Blair brings yet another businessman into government

Behind the appointment of Gus Macdonald to the Scottish Office

The British government recently appointed Gus Macdonald as the new Minister for Business and Industry at the Scottish Office. Macdonald, a leading Scottish media and business figure, is not an elected Member of Parliament and had not been a member of the Labour Party for 20 years. Blair elevated Macdonald to the House of Lords in record time to facilitate his entry into government. His appointment is motivated by growing concern within the Labour government at the rapid growth in support for the Scottish National Party (SNP).

A string of recent by-elections and opinion polls have positioned the SNP as the dominant party in Scotland. If these results were repeated in elections to the new Scottish Parliament next May, the SNP could return more members than Labour. One poll for the Glasgow Herald suggested that under proportional representation, the SNP would have 56 seats to the Labour Party's 46, 15 for the Liberal Democrats and 12 for the Tories. This would make the SNP the largest party, in a position to form a coalition government with either Labour or the Liberal Democrats.

The SNP has won growing support amongst workers disillusioned by Labour's right wing policies and identity as the 'party of government in Scotland'. Throughout the 1980s Labour controlled Scotland's main cities and towns, implementing all of the Tories spending cuts as well as the hated poll tax. The SNP capitalise on this discontent by pledging social reforms, while courting business with promises that Scottish independence will mean lower business taxes and other investment opportunities.

Macdonald was chosen as Labour's Scottish Industry Minister in the hope that his media contacts and intimate relations with business and the trade unions will be valuable weapons in beating off the SNP challenge.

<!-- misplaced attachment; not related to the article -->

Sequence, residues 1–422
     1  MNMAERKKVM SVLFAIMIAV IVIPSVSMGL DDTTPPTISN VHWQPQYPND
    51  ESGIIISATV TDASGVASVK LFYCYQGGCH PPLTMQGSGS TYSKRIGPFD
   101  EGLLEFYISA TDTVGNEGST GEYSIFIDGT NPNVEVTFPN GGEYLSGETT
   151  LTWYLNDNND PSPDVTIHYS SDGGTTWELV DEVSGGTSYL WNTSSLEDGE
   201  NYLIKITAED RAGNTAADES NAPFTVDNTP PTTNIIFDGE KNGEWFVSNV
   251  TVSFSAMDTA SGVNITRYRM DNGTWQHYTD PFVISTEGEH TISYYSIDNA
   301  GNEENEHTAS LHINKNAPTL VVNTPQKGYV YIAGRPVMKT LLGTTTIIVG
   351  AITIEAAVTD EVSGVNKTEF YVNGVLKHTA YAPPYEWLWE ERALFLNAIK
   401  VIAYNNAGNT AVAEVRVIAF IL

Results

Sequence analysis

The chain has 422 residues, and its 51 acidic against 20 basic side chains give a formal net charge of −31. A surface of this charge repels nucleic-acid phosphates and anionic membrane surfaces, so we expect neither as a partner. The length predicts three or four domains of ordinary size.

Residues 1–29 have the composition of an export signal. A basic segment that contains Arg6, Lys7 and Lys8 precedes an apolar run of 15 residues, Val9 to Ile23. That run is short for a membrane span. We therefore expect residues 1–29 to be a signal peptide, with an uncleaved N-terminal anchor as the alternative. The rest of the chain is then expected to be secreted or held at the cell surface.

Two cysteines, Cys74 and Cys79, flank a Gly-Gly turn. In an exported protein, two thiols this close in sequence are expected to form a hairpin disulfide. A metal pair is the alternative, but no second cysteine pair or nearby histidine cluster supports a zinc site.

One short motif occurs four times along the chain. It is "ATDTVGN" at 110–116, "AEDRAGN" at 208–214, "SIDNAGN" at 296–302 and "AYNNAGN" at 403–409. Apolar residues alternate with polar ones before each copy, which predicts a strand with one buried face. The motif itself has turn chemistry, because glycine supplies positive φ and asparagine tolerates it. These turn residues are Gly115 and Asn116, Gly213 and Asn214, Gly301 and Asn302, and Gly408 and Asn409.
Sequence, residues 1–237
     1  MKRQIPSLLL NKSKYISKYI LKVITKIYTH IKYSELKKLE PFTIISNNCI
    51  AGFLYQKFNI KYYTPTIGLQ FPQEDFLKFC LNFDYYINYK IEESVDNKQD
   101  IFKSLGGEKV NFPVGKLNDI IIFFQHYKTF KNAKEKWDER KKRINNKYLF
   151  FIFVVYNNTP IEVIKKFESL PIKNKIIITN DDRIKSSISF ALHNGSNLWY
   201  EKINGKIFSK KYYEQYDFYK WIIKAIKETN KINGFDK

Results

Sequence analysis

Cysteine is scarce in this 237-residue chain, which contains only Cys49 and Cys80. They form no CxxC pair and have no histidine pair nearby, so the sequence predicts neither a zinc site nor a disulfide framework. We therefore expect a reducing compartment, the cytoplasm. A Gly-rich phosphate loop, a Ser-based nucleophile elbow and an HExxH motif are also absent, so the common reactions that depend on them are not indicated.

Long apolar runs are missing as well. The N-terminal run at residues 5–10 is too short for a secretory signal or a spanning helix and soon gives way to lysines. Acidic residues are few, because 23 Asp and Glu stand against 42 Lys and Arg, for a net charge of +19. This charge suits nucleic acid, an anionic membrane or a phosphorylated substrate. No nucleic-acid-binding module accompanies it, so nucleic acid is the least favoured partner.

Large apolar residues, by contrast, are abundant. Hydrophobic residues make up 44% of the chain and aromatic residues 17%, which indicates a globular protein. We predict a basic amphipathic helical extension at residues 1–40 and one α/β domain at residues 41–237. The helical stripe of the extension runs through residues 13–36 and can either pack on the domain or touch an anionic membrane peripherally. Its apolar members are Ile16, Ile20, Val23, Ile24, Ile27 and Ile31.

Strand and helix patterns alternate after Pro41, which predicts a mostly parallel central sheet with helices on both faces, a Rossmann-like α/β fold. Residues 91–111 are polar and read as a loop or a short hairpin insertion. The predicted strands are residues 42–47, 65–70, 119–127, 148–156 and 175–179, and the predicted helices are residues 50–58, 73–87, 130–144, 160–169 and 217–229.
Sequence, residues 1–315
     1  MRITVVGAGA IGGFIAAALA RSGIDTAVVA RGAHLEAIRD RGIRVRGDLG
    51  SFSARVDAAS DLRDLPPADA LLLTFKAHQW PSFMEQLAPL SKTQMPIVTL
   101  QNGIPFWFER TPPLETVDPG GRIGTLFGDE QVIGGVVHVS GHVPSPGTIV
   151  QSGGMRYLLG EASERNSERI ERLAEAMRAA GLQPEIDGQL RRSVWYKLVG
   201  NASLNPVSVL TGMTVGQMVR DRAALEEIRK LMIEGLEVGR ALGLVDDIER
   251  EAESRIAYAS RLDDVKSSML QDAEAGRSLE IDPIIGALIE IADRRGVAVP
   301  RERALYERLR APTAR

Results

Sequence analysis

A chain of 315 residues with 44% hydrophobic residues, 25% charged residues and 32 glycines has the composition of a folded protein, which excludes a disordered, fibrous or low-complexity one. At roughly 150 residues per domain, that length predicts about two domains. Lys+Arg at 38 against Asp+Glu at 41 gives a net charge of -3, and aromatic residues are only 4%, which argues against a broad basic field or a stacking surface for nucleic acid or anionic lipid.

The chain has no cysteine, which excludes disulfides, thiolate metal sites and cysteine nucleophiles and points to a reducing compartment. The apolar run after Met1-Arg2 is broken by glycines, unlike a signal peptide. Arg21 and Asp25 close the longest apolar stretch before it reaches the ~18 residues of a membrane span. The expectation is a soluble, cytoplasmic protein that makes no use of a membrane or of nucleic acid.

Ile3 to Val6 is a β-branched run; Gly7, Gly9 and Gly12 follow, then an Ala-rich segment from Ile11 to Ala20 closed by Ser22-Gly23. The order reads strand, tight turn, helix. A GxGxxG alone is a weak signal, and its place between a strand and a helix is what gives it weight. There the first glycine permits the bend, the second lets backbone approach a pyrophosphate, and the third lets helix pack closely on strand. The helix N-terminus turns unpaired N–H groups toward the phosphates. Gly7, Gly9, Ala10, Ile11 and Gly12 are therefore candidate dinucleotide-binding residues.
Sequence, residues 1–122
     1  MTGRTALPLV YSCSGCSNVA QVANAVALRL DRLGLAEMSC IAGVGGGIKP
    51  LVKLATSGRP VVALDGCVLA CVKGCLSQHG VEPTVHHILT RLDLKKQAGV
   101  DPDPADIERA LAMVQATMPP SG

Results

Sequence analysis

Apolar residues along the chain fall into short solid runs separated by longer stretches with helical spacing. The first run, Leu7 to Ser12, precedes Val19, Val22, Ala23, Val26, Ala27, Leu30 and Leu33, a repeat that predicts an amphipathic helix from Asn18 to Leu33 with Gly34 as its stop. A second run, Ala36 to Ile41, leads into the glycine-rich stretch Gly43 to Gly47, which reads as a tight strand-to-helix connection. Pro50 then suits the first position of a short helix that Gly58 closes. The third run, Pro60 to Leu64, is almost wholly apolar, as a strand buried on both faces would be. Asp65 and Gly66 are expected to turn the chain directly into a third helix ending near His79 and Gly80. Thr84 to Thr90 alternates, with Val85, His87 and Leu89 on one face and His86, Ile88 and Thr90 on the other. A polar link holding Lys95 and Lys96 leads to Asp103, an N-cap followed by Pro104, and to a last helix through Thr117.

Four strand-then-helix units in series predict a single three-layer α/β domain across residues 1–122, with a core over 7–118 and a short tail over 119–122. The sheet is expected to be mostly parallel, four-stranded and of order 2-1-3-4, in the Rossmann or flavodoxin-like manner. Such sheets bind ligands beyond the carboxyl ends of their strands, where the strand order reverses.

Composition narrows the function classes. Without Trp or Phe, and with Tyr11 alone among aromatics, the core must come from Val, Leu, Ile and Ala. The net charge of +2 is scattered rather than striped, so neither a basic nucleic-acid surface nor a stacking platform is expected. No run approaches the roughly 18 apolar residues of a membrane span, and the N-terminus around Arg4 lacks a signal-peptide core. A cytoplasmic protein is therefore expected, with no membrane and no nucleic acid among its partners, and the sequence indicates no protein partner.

A multi-millionaire, he was, until recently, head of the Scottish Media Group, which owns Scottish Television, Grampian Television and two newspapers including the Glasgow Herald.

In the early 1960s, while working in Glasgow's Clyde shipyards, Macdonald was briefly associated with the Labour Party Young Socialists in the working class area of the Gorbals. After a short excursion in radical politics as a member of the International Socialist group, he became a leading figure in the centre-left Tribune group and a close friend of Neil Kinnock, elected Labour Party leader in 1983.

Macdonald later secured a plum job as presenter on the TV current affairs programme, 'World in Action'. By the late 1970s, he moved out of the Labour Party's orbit and embraced the free-market strategy of Thatcherism. He attended seminars organised by Thatcher's main advisor Sir Keith Joseph and was heavily influenced by the right wing American Enterprise Institute.

As head of the Scottish Media Group, Macdonald sacked many professional workers and increased the group's market capitalisation from £50 million to £500 million. He secured the Independent Television franchise in Scotland with an unopposed bid of just £2,000.

He recently explained his attitude to those he sacked to the Observer newspaper: 'It was hard to take these well paid and privileged folks seriously... They used the defensive mechanisms of the industrial working class for all sorts of petty resentments.'

In preparation for entering government, Macdonald will sell his shares in the Scottish Media Group, giving him about £770,000 on top of the £726,600 he made from selling shares in 1996. In addition, last year he earned £307,000 and the year before £227,000.

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